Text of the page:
The mitochondrial peptidase YME1L controls the early proliferative steps of adult neurogenesis

Identification: Wani, Gulzar



The mitochondrial peptidase YME1L controls the early proliferative steps of adult neurogenesis
Gulzar A Wani1, Sandra Wendler1, Hans-Georg Sprenger1, Jana Göbel1, Booshini Fernando1, Karl-Klaus Conzelmann2, Thomas Langer1,3,4 and Matteo Bergami1,4,*
1CECAD, University Hospital Cologne, Germany
2Max von Pettenkofer Institute and Gene Center, LMU Munich, Germany
3Institute for Genetics, University of Cologne, Germany
4CMMC, University of Cologne, Germany
*Corresponding Author
The hippocampus is one of the few regions in the adult mammalian brain where neural stem cells (NSCs) give rise to new functional neurons, thus contributing to key aspects of cognition. This process involves the activation of otherwise quiescent NSCs and the generation of fast-dividing, intermediate progenitor cells (IPCs) which then differentiate into neurons. Although the mechanisms regulating this neurogenic process are incompletely understood, emerging evidence suggests that changes in the metabolic state of NSCs may facilitate their progression towards new neurons. In particular, NSC activation and differentiation are mirrored by a corresponding increase in mitochondrial-related genes, suggesting that a shift towards a mitochondrial-dependent energy metabolism underlies important aspects of neurogenesis. Yet, to which extent mitochondrial dynamics and quality control regulate NSC lineage progression is unclear. Here, we show that the i-AAA peptidase YME1L - which is known to co-regulate together with OMA1 the processing of OPA1 at the inner mitochondrial membrane and thus, mitochondrial fusion dynamics - plays a central role in promoting this lineage progression in the adult hippocampus in vivo. Conditional deletion of YME1L induces a marked fragmentation of the mitochondrial network in adult NSCs, which is otherwise characterized by high rates of fusion dynamics.  Loss of YME1L (but not OMA1) impaired the proliferation rate and pool expansion of IPCs, ultimately leading to compromised neurogenesis. Experiments conducted in primary adult NSCs maintained in vitro corroborate these findings and further revealed that the proliferative defects in YME1L-deficient cells are primarily mediated by a marked down-regulation of mitochondrial beta-oxidation. These results provide evidence for the potential interplay between mitochondrial structure and function in adult NSCs in vivo and indicate that YME1L is required during the early stages of NSC lineage progression towards new neurons.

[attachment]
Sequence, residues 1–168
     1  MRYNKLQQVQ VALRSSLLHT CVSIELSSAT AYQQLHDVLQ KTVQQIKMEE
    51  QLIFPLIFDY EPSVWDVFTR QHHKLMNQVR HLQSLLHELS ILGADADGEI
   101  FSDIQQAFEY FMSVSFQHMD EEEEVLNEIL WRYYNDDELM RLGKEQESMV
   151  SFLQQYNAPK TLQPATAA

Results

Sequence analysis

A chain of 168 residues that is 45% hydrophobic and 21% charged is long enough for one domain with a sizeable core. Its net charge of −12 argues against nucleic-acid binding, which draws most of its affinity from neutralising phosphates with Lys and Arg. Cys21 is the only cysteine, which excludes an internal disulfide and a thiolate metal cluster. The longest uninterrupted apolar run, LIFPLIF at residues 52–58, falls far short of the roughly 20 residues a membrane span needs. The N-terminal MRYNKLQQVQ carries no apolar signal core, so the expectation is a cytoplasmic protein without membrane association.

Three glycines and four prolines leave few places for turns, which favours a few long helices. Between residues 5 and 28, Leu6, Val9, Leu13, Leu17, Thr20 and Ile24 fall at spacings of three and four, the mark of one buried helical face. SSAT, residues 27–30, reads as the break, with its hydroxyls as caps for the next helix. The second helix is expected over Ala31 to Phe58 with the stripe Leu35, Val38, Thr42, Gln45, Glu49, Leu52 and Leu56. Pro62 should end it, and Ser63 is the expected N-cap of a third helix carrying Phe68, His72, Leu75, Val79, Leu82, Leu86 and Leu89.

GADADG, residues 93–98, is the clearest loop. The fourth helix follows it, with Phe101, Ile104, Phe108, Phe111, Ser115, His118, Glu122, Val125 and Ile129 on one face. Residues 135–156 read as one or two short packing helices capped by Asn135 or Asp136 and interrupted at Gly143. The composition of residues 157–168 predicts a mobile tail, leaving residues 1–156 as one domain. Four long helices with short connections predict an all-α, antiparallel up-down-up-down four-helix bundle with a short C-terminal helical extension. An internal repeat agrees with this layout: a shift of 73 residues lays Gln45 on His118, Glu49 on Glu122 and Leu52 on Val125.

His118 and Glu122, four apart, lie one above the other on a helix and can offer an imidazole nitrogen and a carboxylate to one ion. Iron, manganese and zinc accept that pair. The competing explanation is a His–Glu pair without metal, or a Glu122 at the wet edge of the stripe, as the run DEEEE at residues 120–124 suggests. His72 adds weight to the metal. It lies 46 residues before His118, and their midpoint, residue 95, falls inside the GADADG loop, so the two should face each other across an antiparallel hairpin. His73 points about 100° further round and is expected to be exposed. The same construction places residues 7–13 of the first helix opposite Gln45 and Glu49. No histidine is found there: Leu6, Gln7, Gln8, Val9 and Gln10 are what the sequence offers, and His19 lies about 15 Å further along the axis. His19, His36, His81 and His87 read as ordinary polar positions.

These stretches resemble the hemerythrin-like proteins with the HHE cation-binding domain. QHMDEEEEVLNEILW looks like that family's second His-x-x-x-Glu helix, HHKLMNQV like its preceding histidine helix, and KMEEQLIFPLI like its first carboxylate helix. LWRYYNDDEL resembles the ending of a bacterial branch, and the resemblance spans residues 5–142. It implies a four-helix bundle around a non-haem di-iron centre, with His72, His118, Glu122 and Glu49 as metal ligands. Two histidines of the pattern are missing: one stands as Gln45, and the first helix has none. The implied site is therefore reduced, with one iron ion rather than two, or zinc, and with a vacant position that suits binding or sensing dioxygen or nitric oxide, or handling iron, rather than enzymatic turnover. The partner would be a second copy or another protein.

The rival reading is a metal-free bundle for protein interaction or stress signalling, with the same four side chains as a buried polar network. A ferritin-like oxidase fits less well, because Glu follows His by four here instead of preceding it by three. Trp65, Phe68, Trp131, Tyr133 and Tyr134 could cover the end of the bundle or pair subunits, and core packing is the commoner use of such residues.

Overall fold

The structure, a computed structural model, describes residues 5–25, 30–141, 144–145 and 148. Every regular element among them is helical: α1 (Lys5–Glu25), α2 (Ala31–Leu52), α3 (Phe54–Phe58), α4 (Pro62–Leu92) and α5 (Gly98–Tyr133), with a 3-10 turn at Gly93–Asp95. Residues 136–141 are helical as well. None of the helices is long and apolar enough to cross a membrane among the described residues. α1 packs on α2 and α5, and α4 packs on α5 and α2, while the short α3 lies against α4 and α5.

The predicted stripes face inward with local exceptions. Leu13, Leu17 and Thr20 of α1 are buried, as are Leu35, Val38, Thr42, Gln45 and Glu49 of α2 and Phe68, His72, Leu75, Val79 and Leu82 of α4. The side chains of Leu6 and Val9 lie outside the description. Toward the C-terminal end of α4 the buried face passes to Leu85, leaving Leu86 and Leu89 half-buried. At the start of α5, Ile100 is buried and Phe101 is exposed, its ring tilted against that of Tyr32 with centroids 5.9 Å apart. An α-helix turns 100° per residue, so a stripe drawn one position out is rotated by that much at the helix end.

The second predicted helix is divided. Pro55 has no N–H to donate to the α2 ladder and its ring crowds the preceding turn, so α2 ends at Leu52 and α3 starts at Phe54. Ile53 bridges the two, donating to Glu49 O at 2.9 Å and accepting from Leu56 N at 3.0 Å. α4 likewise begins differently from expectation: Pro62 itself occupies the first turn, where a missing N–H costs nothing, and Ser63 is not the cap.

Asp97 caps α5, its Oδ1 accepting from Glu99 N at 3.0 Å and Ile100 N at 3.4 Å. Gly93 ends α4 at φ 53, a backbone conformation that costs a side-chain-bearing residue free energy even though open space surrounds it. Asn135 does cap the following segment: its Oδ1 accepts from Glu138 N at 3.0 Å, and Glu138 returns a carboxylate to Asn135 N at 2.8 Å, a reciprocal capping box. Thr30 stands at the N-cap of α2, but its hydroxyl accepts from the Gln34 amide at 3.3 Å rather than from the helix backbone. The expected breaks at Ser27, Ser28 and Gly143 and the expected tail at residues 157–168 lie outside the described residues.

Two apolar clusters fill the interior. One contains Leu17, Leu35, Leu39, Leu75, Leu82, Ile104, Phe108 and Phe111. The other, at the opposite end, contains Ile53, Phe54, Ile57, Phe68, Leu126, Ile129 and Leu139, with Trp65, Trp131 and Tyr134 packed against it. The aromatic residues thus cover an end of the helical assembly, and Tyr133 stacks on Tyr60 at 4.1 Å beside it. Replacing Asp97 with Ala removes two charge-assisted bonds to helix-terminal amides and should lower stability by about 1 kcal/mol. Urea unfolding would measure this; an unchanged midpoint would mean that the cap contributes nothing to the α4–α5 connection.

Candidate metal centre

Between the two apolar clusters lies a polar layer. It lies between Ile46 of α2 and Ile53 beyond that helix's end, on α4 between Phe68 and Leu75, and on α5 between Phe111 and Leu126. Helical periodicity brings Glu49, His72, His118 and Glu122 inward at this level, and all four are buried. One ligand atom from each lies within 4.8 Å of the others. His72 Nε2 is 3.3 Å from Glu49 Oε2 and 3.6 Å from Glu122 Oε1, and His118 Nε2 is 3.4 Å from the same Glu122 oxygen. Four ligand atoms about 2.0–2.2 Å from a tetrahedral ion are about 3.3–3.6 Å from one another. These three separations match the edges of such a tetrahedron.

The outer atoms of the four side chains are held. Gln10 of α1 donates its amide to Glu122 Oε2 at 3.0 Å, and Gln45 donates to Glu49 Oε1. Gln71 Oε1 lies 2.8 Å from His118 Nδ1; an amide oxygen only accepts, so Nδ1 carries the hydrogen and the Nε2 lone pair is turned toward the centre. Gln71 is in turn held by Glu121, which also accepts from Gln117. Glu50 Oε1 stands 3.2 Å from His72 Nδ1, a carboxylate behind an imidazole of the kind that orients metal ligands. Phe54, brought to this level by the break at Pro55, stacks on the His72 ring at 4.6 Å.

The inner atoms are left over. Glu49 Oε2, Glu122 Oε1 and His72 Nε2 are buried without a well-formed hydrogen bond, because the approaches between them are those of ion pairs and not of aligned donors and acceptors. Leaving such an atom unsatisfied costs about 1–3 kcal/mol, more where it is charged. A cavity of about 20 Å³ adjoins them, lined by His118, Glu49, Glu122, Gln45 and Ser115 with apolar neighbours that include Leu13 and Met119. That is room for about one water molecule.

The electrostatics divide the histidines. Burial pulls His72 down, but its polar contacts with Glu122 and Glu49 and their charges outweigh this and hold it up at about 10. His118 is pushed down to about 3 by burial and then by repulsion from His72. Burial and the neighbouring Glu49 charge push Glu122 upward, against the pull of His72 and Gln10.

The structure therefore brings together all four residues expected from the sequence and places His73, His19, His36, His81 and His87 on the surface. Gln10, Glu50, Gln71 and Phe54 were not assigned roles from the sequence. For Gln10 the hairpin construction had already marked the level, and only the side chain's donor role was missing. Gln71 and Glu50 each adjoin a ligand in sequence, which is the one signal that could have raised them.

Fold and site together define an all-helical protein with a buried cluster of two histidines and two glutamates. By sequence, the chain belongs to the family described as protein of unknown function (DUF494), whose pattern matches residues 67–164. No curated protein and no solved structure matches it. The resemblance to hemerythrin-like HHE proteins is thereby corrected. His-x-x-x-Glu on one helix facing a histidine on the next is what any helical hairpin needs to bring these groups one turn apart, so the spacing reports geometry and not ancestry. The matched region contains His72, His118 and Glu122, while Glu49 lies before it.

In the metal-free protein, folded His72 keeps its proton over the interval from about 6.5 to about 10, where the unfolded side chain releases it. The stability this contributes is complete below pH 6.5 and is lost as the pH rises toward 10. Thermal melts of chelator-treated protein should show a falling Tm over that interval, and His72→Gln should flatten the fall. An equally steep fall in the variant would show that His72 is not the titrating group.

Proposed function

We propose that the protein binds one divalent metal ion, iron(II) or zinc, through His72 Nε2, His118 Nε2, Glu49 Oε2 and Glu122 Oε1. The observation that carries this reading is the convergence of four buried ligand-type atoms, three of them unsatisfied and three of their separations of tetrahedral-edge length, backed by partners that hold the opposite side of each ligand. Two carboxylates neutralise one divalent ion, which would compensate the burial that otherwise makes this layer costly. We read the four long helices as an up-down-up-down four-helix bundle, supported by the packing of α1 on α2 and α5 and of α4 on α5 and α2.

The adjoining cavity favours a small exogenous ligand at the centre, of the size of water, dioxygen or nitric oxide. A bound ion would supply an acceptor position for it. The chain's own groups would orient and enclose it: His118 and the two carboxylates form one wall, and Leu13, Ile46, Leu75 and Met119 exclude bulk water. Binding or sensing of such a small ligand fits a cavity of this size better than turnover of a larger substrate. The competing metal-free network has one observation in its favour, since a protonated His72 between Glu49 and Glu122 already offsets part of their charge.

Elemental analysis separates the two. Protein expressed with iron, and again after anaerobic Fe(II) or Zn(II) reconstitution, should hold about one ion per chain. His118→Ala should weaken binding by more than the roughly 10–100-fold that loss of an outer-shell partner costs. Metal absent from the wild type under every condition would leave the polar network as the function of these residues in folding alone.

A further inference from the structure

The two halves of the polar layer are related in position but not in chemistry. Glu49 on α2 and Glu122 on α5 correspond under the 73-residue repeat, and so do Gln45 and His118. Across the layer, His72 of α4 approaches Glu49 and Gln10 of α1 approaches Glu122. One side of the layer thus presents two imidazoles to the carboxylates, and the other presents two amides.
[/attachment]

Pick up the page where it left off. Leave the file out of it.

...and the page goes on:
Funding: ERC-StG-2015 (grant 67844)



Credits: None available.

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